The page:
Shoeshine boy

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Shoeshine Boy, 1891 by Karl Witkowski

Shoeshiner or boot polisher is an occupation in which a person polishes shoes with shoe polish. They are often known as shoeshine boys because the job is traditionally that of a male child. Other synonyms are bootblack and shoeblack. While the role is deprecated in much of Western civilization, shining shoes is an important source of income for many children and families throughout the world. Some shoeshiners offer extra services, such as shoe repairs and general tailoring. Many well-known and high profile people started their working life as shoeshiners, including singers and presidents. [1]


Shoe polish was not well known as a commercial product until the early 20th century. Throughout the late 19th century shoeshine boys plied their trade on the streets, particularly those in the cities of the United Kingdom.

Boot boy

A boot boy, often simply boots, was an English household servant. Usually a boy or young teenager, the boots was the lowest-ranking male servant; his main job was to clean, polish and care for the household members' boots and shoes, although he may have done other odd jobs as well, particularly in smaller houses where he may have also performed the duties of the hall boy.[2]

Modern profession

The profession is common in many countries around the world, with the revenue earned by the shoeshiner being a significant proportion of a family income, particularly when the father of the family has died or can no longer work.[3] In Afghanistan some children will work after school and can earn 100 Afghanis (around £1) each day.[4] Many street children use shoeshining as their only means of income.

Some cities require shoeshiners to acquire licences in order to work legally. In August 2007 shoeshiners in Mumbai, India were told that they could no longer work on the railway stations due to "financial irregularities". Every Shoeshine Association was asked to reapply for their licence, with many worried that they would lose out to a rival.[5]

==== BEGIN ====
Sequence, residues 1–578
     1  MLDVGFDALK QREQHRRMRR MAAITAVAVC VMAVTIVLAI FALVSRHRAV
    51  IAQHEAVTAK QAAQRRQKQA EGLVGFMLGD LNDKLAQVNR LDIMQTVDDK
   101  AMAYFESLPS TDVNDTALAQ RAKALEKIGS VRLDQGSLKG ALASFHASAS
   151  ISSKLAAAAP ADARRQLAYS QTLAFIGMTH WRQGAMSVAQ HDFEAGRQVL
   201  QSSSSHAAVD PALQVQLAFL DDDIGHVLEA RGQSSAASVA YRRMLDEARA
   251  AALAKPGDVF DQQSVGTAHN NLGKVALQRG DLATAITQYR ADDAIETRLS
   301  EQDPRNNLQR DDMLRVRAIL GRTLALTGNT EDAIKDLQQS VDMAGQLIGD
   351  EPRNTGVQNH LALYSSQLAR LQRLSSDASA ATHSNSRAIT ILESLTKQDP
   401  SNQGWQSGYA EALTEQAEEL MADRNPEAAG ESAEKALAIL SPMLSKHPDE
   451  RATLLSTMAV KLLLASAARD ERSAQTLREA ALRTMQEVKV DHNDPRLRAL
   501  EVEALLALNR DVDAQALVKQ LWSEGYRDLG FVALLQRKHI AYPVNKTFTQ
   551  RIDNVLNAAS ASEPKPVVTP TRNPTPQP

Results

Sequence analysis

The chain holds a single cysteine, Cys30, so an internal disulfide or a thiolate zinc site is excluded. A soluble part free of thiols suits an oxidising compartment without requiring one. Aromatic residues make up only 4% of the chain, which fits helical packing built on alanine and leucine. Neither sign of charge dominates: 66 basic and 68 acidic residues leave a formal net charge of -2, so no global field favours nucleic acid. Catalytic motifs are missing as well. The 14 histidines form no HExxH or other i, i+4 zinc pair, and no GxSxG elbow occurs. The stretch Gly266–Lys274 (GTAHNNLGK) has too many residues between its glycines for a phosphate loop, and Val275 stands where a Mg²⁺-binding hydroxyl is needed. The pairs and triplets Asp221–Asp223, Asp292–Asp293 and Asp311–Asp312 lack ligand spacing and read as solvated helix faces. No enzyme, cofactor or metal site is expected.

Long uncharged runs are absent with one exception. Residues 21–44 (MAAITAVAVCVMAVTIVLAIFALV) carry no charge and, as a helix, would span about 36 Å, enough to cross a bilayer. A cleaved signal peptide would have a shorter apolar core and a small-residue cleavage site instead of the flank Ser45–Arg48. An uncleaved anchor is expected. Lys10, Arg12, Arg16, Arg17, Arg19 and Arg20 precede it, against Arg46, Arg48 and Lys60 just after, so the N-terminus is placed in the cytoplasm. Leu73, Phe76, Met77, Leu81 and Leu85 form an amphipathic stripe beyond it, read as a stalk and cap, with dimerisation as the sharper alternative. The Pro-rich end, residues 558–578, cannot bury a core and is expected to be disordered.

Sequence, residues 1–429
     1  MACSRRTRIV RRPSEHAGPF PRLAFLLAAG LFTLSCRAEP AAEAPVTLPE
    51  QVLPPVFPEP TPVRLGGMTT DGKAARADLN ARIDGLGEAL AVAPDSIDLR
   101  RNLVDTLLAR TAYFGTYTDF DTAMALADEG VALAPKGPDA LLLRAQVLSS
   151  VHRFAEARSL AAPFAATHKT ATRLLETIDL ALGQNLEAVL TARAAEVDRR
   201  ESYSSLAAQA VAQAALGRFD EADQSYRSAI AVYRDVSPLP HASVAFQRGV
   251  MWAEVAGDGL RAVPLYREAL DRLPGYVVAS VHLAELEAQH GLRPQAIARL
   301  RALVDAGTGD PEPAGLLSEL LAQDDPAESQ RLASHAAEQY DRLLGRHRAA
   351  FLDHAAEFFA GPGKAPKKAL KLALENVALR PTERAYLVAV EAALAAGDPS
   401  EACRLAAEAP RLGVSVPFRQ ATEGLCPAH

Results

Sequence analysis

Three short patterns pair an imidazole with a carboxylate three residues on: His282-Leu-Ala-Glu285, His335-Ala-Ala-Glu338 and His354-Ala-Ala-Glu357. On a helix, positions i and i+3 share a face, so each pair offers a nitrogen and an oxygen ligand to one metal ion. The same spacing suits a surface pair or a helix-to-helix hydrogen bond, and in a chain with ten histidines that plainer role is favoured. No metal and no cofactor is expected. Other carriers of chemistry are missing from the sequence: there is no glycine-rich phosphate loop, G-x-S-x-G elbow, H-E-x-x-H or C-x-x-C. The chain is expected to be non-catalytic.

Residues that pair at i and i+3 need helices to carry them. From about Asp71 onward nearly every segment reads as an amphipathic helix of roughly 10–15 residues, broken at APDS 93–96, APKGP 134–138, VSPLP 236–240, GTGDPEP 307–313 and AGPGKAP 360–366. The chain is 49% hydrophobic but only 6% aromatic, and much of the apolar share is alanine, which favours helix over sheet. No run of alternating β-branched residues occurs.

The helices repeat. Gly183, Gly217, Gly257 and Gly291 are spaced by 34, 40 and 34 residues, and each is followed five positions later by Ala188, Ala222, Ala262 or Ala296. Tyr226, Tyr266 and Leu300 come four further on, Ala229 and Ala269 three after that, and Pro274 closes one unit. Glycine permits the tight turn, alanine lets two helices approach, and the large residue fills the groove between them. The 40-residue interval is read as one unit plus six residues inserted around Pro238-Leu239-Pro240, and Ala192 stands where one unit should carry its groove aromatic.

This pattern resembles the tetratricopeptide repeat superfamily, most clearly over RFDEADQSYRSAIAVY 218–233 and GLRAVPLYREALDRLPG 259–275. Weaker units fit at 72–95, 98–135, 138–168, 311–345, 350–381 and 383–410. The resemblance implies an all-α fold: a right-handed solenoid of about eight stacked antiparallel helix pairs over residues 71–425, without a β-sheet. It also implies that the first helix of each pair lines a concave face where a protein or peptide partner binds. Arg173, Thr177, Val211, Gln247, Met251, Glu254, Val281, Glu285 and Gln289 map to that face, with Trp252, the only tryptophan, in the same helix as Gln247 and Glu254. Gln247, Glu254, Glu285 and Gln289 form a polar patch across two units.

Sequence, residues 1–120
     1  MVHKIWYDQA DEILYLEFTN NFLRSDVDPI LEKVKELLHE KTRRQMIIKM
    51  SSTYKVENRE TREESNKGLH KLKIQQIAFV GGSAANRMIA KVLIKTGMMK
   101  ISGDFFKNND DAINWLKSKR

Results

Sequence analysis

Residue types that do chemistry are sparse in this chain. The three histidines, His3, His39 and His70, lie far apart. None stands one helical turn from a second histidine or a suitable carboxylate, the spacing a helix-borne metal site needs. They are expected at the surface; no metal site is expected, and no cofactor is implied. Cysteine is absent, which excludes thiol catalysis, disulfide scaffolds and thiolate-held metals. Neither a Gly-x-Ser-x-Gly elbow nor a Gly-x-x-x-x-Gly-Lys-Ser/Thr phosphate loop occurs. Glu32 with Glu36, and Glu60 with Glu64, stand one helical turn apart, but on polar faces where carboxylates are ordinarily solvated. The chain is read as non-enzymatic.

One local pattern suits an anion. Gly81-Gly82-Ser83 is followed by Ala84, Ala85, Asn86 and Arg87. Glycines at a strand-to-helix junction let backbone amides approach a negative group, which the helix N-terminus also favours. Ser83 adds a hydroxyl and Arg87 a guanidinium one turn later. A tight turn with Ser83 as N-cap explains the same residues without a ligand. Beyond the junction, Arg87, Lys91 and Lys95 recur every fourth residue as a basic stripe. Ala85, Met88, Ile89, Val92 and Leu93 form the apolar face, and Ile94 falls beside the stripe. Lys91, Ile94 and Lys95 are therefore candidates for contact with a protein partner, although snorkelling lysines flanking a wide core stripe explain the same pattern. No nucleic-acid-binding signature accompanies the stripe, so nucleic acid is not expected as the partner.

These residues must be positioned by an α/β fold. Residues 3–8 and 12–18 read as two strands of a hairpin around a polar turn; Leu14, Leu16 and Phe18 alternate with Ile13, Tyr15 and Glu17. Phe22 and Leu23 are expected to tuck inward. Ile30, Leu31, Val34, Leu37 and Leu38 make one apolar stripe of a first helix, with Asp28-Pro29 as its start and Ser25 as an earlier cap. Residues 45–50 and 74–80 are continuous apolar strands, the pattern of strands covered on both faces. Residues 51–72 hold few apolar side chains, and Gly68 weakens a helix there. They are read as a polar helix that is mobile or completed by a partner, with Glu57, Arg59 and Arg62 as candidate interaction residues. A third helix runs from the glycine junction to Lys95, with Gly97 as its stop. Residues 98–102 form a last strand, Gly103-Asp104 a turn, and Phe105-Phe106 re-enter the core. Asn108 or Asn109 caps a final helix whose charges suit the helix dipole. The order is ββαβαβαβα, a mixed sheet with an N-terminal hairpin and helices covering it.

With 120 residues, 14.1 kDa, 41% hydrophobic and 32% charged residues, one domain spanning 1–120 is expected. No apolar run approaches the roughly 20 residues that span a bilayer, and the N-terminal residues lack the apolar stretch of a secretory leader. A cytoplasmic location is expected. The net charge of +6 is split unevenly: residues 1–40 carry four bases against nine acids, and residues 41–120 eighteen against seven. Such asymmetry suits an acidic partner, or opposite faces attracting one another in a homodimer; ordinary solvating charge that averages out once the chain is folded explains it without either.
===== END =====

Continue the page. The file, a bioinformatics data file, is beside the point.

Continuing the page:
In the UK, shoeshiners are often found working in business districts where professionals congregate. There is an increasingly enlightened attitude toward the shoeshiner that removes the old fashioned hierarchical standpoint. The shoeshiner is perceived as an informational hub, studiously polishing and buffing whilst dispensing helpful advice on local affairs and events.

Famous shoeshiners

Several high profile figures worked as shoeshiners at one point of their lives:

  • Mahmoud Ahmed – Ethiopian singer[6]
  • James Brown – "The Godfather of Soul". He used to shine shoes and sing and dance on Ninth Street in Augusta, Georgia; in 1993 the road was renamed "James Brown Boulevard" in his honour.[7][8]
  • Luiz Inácio Lula da Silva – later President of Brazil[9]
  • Alejandro Toledo – later President of Peru[10]
  • Malcolm X – worked as a shoeshine boy at a Lindy Hop nightclub in New York City[11][12]
  • Rod Blagojevich – later Governor of Illinois[13]
  • Sammy Sosa Former Dominican baseball player predominately for the Chicago Cubs [14]
  • Čika Mišo, last Bosnian shoeshiner
  • Ego Brown, shoeshine artist, defeated Jim Crow laws against shoeshining.[15]

Portrayal in popular culture

Shoeshiners have featured in:

Film and television

  • Le Havre, Aki Kaurismäki, 2011
  • The Adventures of Timothy Pilgrim, a 1975 Canadian children's TV series